Archives: Media Mentions

There is still some rotation left in the US markets: Santosh Rao

September 9, 2020

I do not think that we are done with the market and there is no recession. It is kind of disconnected and does not need to carry over to other countries. It is more specific to the US. The US markets after pulling back will consolidate and go back up.

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Judges, more details announced for Summerfest Tech pitch competition

August 5, 2020

Representatives from some of the largest venture capital funds in the Midwest and the U.S. have been assembled to judge Startup Wisconsin Pitch at Summerfest Tech in September.

The judges selected for the competition are Rashaun Williams, general partner at Manhattan Venture Partners; Allison Weil of Chicago’s Hyde Park Venture Partners; Craig Schedler of Northwestern Mutual Future Ventures, the venture arm of Milwaukee-based Northwestern Mutual, and Girish Ramachandra of Wipfli and Hyde Park Angels in Chicago.

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IPOs Are Soaring. What That Means for the Broader Market.

June 15, 2020

Santosh Rao, head of research at Manhattan Venture Partners, which focuses on pre-IPO companies, says the recent flurry shows pent-up demand for new offerings. He thinks that the appetite is likely to remain strong for enterprise software firms like Databricks, Datastax, and Palantir, which he says could come public in the next 12 to 18 months.

One note of caution: Rao warns that the IPO market tends to shut down when the VIX —a measure of market volatility—goes north of 20 or 30. On Thursday, the indicator spiked above 40 for the first time since late April.

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There is definitely a demand shock from coronavirus outbreak: Santosh Rao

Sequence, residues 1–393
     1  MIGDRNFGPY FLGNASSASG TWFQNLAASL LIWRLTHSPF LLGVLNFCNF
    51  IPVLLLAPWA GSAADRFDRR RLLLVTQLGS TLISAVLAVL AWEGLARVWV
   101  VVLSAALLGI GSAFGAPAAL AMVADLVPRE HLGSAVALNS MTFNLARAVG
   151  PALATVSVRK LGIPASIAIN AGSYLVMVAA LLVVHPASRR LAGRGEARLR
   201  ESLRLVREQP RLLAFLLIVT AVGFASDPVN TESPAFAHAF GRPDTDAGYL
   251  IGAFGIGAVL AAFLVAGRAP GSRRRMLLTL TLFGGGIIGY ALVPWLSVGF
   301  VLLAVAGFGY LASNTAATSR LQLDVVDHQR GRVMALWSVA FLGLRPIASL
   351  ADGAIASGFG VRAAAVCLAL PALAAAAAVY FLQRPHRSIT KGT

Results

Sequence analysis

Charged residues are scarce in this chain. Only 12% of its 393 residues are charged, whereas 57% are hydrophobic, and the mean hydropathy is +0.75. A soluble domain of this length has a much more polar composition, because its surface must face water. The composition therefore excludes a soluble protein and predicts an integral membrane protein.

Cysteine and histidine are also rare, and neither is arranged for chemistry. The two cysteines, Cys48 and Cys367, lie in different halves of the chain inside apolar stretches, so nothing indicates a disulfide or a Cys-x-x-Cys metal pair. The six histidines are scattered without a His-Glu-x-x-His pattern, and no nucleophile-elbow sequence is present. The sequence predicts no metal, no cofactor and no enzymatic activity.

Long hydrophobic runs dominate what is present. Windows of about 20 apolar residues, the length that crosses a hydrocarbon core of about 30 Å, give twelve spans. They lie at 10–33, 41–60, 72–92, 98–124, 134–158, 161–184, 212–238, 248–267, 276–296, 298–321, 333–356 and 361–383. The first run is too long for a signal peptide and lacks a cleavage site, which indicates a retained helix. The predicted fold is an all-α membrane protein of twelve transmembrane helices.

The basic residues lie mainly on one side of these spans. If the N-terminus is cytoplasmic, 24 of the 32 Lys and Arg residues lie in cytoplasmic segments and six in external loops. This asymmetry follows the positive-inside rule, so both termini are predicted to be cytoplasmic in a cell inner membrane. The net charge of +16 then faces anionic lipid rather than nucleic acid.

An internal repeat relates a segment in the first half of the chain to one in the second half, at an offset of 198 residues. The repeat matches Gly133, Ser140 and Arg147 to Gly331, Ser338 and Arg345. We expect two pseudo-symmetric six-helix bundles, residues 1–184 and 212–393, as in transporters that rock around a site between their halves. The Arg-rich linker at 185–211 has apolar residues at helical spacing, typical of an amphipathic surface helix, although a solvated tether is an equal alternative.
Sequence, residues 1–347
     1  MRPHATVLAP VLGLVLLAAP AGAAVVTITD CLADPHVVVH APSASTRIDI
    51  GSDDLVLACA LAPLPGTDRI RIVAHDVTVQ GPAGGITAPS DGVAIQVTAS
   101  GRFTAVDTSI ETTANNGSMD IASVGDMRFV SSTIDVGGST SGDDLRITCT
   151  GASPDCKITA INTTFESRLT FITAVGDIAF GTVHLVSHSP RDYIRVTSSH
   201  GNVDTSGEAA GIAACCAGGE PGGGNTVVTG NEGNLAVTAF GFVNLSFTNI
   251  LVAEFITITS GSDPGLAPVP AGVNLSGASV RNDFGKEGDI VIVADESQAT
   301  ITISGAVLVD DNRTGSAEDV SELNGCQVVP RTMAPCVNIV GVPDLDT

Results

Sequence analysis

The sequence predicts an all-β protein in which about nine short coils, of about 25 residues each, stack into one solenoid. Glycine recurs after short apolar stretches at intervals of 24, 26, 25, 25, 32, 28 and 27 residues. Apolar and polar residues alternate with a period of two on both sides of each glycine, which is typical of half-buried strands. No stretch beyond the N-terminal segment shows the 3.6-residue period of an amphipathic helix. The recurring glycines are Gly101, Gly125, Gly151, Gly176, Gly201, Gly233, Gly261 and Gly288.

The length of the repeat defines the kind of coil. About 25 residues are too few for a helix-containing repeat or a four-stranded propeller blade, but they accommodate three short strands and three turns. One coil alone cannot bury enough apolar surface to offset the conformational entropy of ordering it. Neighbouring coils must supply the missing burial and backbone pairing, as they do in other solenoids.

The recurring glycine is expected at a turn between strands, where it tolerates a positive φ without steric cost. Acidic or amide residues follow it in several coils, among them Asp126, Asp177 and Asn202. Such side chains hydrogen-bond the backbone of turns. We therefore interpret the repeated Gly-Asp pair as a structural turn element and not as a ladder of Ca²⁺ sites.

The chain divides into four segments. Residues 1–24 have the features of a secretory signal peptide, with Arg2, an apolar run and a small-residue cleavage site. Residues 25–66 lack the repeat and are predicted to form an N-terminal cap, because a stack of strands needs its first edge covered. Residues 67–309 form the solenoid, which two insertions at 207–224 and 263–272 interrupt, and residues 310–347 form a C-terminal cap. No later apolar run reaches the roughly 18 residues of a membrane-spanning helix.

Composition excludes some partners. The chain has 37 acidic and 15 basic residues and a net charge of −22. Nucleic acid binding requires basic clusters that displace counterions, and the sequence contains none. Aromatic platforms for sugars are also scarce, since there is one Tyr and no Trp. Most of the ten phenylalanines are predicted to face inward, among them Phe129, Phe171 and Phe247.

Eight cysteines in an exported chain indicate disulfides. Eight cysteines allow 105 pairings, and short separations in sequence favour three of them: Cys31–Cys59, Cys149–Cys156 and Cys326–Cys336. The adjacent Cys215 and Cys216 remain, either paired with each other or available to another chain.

March 13, 2020

It is just starting to get worse as Trump is now addressing the coronavirus situation. We do not have New York in full-fledged lockdown yet, but it looks like it is on its way there and the markets are reeling with uncertainty.
There is definitely a demand shock. There is a lot of news flow also and WHO has announced that it is a pandemic even though we knew that it was there. The market took another leg down. There is so much cross-current.

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Small pre-holiday moves on Wall Street

February 18, 2020

“One of the big fears is we don’t know how bad the China coronavirus effects are. Is it going to be beyond China, the impact? So we don’t know that at this point. Every time it looks like it is contained, we get more news that it’s not. So I think that’s what’s causing some confusion there and that could be one of the reasons why the bond market is doing so well because people are saying we don’t want to take the risk.”

A Reuters poll of economists predicts the world’s second-biggest economy will slow to its weakest quarterly growth since the financial crisis over a decade ago.

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Coronavirus is ruining the wedding industry: bridal boutique owner

February 18, 2020

Coronavirus is infecting businesses.

It’s not just the wedding industry at risk. Electronics supply could be hit as well, including iPhone production.

“It’s everything: consoles, laptops, phones,” Santosh Rao, head of research at Manhattan Venture Partners, told Marketplace.

TV production could be next, Rao adds, as well as video game releases, since China supplies a significant amount of game development.

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The impact of coronavirus is being felt across the global economy

February 13, 2020

It’s been a month since China announced the death of the first victim of the new coronavirus. The outbreak has since infected more than 44,000 people and spread far beyond China.

Federal Reserve Chairman Jay Powell told lawmakers on Capitol Hill this week that he’ll be watching for the virus’s impact on the U.S. economy.

Santosh Rao, head of research at Manhattan Venture Partners, said coronavirus has the potential to disrupt the electronics supply chain.

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Wall Street Breakfast: Trade Comes Back Into Focus

February 7, 2020

Planning to list on the NYSE today under ticker “CSPR,” Casper has priced its initial public stock offering at $12 a share, down from an earlier range of $17 to $19. That values the company at around $500M, down from the $705M it valued itself at last week, and a significant hit for the mattress company that once prided itself as a unicorn. “The days of growth at any cost are over,” said Santosh Rao, who researches IPOs for Manhattan Venture Research. “You either have to be profitable, or take a haircut.”